With a Spousal IRA (also known as the Kay Bailey Hutchison Spousal IRA), you do not need to earn income to contribute to an IRA account.
As you probably know, you must have your own income from a W-2 job (or from being self-employed) to make an IRA contribution. Here is an exception to that rule.
If your spouse earns income and you do not, you are still allowed to contribute into your own IRA account. This is called the Spousal IRA. This is not so much a kind of IRA as it is an IRS rule. The Spousal IRA contribution can only be made to a Traditional or Roth IRA account. It is important to understand the differences.
The maximum contribution you can make is $6,000 if under the age of 50 and $7,000 if 50+.
A spousal IRA is an excellent way for a spouse who does not earn income to save for retirement. A spousal IRA remains intact even if the spouse without earned income starts to receive pay for work. In this case, they can still contribute to the IRA, according to regular IRA rules.
Spousal IRA Rules
- The married couple must file a joint federal tax return.
- This does not apply to other family relationships. A child cannot contribute to their own IRA because their parents have earned income. The child would have to have their own income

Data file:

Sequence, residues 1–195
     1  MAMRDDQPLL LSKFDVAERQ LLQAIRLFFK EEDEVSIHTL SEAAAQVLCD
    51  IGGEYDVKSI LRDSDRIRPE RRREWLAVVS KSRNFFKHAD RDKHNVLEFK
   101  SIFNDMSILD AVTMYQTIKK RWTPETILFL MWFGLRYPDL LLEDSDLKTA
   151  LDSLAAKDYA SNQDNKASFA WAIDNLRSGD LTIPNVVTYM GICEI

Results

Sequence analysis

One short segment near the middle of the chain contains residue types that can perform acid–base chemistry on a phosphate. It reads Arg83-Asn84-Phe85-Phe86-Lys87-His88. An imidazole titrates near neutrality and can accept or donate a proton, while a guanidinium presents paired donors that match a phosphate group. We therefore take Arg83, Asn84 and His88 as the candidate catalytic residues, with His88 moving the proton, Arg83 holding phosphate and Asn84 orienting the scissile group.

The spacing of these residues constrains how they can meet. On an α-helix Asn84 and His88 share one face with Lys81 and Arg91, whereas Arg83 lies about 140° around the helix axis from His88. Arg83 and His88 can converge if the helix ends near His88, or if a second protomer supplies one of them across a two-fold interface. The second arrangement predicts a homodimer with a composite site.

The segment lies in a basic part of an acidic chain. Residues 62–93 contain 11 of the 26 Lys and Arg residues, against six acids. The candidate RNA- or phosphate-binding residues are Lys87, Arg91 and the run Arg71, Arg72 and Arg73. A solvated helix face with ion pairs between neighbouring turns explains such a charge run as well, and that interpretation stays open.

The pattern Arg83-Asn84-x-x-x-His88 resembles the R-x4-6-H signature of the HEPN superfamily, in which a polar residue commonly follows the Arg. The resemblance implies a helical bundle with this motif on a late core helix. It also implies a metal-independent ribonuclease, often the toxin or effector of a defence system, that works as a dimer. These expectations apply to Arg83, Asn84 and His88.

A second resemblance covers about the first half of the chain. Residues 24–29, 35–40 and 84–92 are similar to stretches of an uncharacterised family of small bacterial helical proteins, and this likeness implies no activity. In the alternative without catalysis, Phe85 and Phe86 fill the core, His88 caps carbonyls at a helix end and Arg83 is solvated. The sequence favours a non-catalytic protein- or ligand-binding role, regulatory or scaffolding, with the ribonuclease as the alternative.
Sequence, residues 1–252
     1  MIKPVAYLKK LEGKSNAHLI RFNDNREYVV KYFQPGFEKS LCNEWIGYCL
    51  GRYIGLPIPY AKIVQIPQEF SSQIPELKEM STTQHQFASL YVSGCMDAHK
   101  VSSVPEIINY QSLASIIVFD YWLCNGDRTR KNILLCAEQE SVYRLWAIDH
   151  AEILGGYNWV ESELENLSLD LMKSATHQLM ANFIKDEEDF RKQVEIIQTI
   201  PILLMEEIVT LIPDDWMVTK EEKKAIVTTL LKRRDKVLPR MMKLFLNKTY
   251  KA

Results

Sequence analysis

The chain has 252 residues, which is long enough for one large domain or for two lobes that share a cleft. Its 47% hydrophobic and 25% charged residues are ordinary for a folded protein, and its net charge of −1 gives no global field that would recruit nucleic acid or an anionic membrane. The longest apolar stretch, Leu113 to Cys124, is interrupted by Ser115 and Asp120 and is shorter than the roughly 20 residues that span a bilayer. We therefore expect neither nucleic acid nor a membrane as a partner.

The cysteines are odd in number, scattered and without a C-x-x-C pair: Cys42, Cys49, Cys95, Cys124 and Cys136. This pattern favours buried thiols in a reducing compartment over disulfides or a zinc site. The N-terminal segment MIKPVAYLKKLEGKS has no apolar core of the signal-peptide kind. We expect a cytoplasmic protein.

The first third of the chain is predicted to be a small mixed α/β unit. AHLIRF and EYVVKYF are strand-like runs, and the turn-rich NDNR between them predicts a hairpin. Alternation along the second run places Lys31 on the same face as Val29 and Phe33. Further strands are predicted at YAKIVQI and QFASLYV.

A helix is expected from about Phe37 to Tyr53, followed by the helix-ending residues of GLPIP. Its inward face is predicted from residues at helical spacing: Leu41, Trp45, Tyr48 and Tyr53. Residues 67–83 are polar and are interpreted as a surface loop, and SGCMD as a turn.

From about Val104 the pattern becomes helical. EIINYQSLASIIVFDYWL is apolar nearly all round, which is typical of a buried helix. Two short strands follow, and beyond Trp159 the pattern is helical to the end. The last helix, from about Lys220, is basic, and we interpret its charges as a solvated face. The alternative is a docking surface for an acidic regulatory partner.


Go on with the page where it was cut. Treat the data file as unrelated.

- Roth spousal IRA contributions have Modified Adjusted Gross Income (MAGI) limits that must be observed. MAGI can be defined as your household’s adjusted gross income with any tax-exempt interest income and certain deductions added back.
- Roth IRAs have income limits, so if you make too much you cannot contribute to this type of account. You can contribute to a Roth IRA if your income falls below the Roth limits. You are allowed a prorated contribution if your income falls within the “phase-out” range. If your income exceeds the income range, you will not qualify for a Roth IRA contribution. Be sure to discuss your any contribution with your tax advisor.
40 Years of the Spousal IRA
In 1981, with the passage of the Economic Recovery Tax Act (ERTA), Americans could contribute to an IRA for themselves and their nonworking spouses if they were younger than 70 ½ years of age. Today that age would be age 72 (70 ½ if you reach 70 ½ before January 1, 2020).
To discuss Spousal IRA contributions or other IRA or Solo 401k questions, please contact uDirect IRA Services at 714-980-4936 or email us at info@uDirectira.com.